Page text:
Wilton Manors Compromises on Trans Healthcare

After at least two rejections by the city commission in past meetings, Wilton Manors will now offer employee health benefits related to gender reassignment surgery and procedures.

The change came Tuesday after Commissioner Julie Carson, who had unsuccessfully proposed the measure in the past, suggested the funding should be taken out of the reserve fund. It passed 3-2, with Mayor Gary Resnick and Vice Mayor Scott Newton voting against.

“I’ve been trying to find a way to make it work,” Carson said. She added that she understood the budget concerns but also wanted the benefits as a reflection of the city’s LGBT-friendly values. It was the fulfillment of a vow she made five months ago to not leave the T in LGBT behind. “I’ll make it work. I guarantee it,” she said in April.

Related: Letter to the Editor: Transgender Healthcare Discrimination Must End

So, she took inspiration from the recent decision by the commission to set aside $50,000 from the reserve fund for a train station. That money was used to show the officials in charge of the Tri-Rail commuter rail extension that the city was serious about having one of the stations located here. The money will act as a placeholder. If a station is approved, commissioners say they will take the money from another part of the budget or possibly use grant funding.

The ultimate hope by Carson and other commissioners is that federal law changes to make it mandatory for health insurance companies to cover the procedures.

The cost of the transgender benefits to the city is $33,000 and includes procedures that are considered medically-necessary. Hormone-replacement therapy and gender reassignment surgery, for instance, would be included. The transgender benefit is an add on to the city’s existing employee healthcare plan but officials don’t have to include it right away.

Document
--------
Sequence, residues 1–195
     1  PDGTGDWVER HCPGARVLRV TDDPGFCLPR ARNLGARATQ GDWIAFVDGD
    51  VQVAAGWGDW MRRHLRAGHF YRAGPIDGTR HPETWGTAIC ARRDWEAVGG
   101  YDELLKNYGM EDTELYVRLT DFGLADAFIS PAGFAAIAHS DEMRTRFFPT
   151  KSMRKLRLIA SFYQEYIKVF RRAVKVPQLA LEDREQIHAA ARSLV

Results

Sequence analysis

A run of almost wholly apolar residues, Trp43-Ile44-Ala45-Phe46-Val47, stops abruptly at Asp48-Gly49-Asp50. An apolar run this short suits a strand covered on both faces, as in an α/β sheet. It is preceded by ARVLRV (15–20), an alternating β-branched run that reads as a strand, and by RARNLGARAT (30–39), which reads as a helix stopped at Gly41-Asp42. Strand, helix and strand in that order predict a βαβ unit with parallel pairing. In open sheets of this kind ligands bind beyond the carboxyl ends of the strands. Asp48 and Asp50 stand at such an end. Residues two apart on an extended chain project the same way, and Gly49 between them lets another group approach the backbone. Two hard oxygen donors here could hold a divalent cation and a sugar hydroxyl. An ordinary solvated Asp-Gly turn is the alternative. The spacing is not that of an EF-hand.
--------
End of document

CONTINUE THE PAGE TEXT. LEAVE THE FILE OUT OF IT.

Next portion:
“We can add this benefit anytime we want,” said Dio Sanchez, Human Resources director.

Sanchez said that no city employees have requested the benefits yet. That lack of need was one of the reasons the benefits had been denied in the past. “If nobody’s asking for it, I don’t understand that,” Newton said. Carson said that an employee, either needing the procedures for themselves or for their child, might not have the courage to ask.

Newton added that he was against spending $33,000 “for a maybe” and that even money taken from the reserve is money that can’t be used by taxpayers because it has been specifically set aside.

Commissioner Tom Green said the city has other reserve money to use in case it’s needed. Commissioner Justin Flippen said using reserves was a way to get the benefits without taxing residents.

Resnick said that the additional $33,000 would raise the cost of the insurance increase back to 15 percent after officials had worked to get it lowered.

Resident Michael Rajner, who has spoken out in favor of the benefits on multiple occasions, criticized commissioners against the transgender benefits for having health insurance provided by the city even though they’re only part-time employees.

He also said by not having transgender health benefits, the city is less inclusive and less attractive to talented transgender individuals looking to work for a municipality.


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